When psychiatric illness coexists with a substance use disorder, we refer to this as a “dual diagnosis.” This term makes clear that we’re talking about two conditions in the same person, which could exist independently of each other (hence they’re also sometimes called “co-occurring disorders”), rather than one disorder causing the other—as seen, for example, in cases of a methamphetamine-induced psychotic reaction or an alcohol-induced depression.
Of course, no two conditions in medicine ever exist truly independently of each other, particularly in psychiatry, and the high prevalence of “dual diagnosis” patients (more than a third of alcoholics, for example, have a co-occurring mental illness, and at least 20% of persons with a mood disorder have a drug use problem) suggests that there’s something about mental illness that makes people more susceptible to addictive disorders, and vice versa.
A “dual diagnosis” label should, theoretically, draw attention to the special concerns these patients face, and to the need for specialized and integrated treatment. Unfortunately, in practice, this rarely occurs. Instead, this knowledge often results in compartmentalized care, which may have unfortunate consequences for the dually diagnosed.
How so? Consider an inpatient psychiatric ward. Patients are admitted to these units for brief “acute stabilization,” when they are actively symptomatic, often with psychosis, thoughts of suicide, or other poorly controlled symptoms. Because these hospitalizations are very short, there’s little or no opportunity to engage in meaningful addiction treatment. Even when the immediate precipitant of the patient’s acute episode is identified as the abuse of a drug or alcohol, we often discharge patients with little more than a written instruction to “go to AA” or “consider rehab” (or my personal favorite, shown above [click for larger version], which would be funny if it weren’t real). Similarly, in the psychiatrist’s office—particularly when the visits are only 10 or 15 minutes long—there’s usually no time to discuss the addiction; at best, the patient might get something along the lines of, “oh, and be sure to try to cut down on your drinking, too.”
Even though this is commonplace, it sends a powerful yet dangerous message to the addict: it says that his addiction is less important than the mental disorder, less worthy of treatment, or, perhaps, impossible to treat. It might signal to the addict that his psychiatrist is unwilling or unable to talk about the addiction, which may be (subconsciously) interpreted as a tacit approval of the addictive behavior. (If you think I’m exaggerating, then you’ve probably never experienced the overwhelming power of addictive thinking, and its unique ability to twist people’s judgment and common sense in extreme ways.)
It’s also just bad medicine. As any ER psychiatrist can attest, substance-induced exacerbations of mental illness are rampant and a major cause of hospital admissions (not to mention medication noncompliance, aggression, criminal activity, and other unwanted outcomes). Ignoring this fact and simply stabilizing the patient with the admonition to “consider” substance use treatment is unlikely to improve the long-term outcome.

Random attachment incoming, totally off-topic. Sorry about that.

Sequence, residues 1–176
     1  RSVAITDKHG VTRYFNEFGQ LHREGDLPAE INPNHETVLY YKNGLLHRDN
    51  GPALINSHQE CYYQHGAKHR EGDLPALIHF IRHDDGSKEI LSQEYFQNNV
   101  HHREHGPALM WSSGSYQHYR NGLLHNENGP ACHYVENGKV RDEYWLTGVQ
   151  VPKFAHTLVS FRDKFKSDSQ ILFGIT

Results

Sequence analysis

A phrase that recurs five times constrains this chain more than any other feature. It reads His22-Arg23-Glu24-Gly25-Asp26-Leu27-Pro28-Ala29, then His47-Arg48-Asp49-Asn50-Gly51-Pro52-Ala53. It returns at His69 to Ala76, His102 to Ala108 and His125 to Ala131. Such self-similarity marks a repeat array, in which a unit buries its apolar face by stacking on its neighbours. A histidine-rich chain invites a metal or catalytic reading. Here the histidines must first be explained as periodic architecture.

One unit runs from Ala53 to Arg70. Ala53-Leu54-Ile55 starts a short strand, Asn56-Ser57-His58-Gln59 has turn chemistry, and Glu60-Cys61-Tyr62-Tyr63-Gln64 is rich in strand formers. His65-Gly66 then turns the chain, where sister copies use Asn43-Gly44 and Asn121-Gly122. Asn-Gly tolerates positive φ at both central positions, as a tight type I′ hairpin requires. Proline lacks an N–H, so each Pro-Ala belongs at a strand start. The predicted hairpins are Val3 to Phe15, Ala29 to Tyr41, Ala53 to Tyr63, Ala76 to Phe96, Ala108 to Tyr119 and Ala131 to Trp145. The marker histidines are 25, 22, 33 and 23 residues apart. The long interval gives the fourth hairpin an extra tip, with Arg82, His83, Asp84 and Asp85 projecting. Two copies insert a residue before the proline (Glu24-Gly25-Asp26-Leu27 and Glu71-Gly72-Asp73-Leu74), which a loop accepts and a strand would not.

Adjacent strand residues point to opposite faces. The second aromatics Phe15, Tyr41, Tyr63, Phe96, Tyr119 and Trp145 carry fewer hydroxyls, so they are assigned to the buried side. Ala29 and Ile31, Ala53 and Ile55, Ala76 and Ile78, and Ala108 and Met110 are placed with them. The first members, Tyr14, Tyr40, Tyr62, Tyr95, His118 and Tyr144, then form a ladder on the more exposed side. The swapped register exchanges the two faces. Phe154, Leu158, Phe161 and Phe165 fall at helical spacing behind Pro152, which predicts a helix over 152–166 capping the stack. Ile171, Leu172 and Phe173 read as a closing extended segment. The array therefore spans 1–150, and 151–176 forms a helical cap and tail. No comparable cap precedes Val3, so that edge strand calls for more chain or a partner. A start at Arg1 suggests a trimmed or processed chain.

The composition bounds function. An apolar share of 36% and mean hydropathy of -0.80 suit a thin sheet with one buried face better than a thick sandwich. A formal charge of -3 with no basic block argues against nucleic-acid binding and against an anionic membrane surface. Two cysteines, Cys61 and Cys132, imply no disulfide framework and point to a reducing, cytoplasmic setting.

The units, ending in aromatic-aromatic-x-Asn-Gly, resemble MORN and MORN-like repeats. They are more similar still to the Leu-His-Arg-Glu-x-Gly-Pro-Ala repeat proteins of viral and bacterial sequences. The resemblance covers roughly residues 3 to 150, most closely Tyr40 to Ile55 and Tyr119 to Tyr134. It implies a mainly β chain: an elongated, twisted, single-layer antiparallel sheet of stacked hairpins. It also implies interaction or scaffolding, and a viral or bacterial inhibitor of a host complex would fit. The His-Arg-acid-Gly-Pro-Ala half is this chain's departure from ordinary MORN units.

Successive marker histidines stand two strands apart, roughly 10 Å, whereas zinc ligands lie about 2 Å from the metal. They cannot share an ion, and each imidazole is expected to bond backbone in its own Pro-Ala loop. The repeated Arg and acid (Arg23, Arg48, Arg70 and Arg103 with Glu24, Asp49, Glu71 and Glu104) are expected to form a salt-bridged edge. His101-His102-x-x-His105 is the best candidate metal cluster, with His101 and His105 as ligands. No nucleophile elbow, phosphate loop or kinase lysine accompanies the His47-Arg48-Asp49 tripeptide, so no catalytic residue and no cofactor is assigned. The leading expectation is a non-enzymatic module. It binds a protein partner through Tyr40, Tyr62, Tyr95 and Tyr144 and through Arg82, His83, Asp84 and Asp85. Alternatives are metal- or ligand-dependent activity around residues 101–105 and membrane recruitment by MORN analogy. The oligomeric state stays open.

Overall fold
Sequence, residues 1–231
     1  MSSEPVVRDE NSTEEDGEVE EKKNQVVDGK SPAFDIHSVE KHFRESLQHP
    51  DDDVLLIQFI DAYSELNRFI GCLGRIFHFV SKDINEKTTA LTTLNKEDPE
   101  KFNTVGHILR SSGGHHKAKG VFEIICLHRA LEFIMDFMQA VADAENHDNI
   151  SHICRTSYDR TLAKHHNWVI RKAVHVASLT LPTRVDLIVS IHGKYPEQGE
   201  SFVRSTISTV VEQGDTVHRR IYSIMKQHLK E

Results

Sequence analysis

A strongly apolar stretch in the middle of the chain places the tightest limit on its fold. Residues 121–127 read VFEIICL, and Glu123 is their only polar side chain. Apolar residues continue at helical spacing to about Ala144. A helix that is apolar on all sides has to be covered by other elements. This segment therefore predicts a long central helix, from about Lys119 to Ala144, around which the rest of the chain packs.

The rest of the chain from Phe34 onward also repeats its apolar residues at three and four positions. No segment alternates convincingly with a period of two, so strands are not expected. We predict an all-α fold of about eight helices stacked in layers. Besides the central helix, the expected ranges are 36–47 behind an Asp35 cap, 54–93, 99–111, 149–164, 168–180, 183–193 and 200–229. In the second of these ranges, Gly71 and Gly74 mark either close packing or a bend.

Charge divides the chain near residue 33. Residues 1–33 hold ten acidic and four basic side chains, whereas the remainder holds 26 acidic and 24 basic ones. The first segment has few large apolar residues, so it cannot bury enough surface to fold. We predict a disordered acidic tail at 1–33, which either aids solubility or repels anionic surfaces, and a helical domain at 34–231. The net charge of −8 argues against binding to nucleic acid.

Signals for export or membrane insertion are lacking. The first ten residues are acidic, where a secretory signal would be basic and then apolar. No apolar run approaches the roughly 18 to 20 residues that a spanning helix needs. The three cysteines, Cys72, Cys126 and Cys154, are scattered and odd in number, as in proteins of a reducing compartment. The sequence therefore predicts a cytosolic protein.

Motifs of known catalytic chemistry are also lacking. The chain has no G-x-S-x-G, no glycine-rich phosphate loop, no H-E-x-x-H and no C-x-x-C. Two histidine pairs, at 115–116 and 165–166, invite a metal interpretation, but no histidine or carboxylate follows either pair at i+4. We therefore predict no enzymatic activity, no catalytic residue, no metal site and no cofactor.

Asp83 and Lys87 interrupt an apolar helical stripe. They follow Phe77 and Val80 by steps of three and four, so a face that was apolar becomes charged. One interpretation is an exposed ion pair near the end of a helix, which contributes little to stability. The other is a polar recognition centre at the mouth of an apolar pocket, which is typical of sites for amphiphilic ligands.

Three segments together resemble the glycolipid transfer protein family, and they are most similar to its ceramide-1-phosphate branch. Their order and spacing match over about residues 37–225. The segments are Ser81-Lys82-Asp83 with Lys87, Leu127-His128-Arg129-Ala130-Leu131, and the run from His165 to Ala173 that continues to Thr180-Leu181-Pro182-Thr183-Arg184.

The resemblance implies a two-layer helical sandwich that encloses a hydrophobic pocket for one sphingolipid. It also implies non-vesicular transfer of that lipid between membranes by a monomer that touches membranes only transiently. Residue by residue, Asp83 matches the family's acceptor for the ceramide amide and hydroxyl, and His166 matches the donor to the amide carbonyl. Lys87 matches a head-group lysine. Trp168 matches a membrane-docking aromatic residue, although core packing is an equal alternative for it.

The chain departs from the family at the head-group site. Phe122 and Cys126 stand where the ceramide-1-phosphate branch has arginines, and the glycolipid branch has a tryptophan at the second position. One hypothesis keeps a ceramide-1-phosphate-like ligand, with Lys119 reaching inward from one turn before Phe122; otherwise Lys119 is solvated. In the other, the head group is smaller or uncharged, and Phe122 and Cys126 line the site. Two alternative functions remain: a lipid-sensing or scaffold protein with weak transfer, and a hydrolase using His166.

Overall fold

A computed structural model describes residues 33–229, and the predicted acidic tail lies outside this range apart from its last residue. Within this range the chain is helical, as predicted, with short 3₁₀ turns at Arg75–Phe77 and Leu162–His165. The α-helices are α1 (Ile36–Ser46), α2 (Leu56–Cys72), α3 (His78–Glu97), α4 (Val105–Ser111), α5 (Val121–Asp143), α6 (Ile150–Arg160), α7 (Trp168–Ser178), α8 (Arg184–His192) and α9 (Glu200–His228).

In the drug or alcohol treatment setting, the situation is often quite similar. Sometimes a therapist may not be aware of a patient’s mental health history or active symptoms, in which case he or she might have unrealistically high expectations about the patient’s progress. On the other hand, if the patient is known to carry a psychiatric diagnosis, a therapist might incorrectly attribute even the slightest resistance—and addicts show a lot of it—to that mental illness (even when the symptoms are well-controlled) and miss the opportunity to make substantial inroads in treatment. Neither alternative “meets the addict where he is,” challenging him with demands that are appropriate for his capabilities and his level of understanding.
True “dual diagnosis” treatment, where it exists, involves close interaction among addiction therapists, rehab counselors, psychiatrists, and others involved in the mental, physical, social, and spiritual well-being of each patient. Some psychiatrists are well-versed in the nature of addiction (those who have first-hand experience of addiction and recovery are often well positioned to understand the demands on the recovering addict), and, similarly, some addiction experts are adept at identifying and managing symptoms of mental illness. With this combination, patients can benefit from individualized treatment and are given fewer opportunities to fly beneath the proverbial radar.
However, for most patients this is the exception rather than the rule. “Addition psychiatrists” are sometimes little more than prescribers of a replacement therapy like Suboxone or naltrexone, and rehab programs often include mental health treatment “at a distance”—i.e., sending clients to a 15-minute visit with a psychiatrist who’s not involved in the day-to-day challenges of the recovering individual. Addicts need more than this, and I’ll return to this topic in later posts.
Any discussion about improving real-world psychiatric treatment must address the dual-diagnosis issue. We desperately need more psychiatrists who are knowledgeable about substance abuse disorders and the interplay between addictions and mental illness, and not just the latest “anticraving” drugs or substitution therapies. We also need to educate other addiction treatment providers about the manifestations of mental illness and the medications and other therapies available. Providing compartmentalized or lopsided care—even when well-intentioned—does no service to a struggling patient, and may in the long run do more harm than good.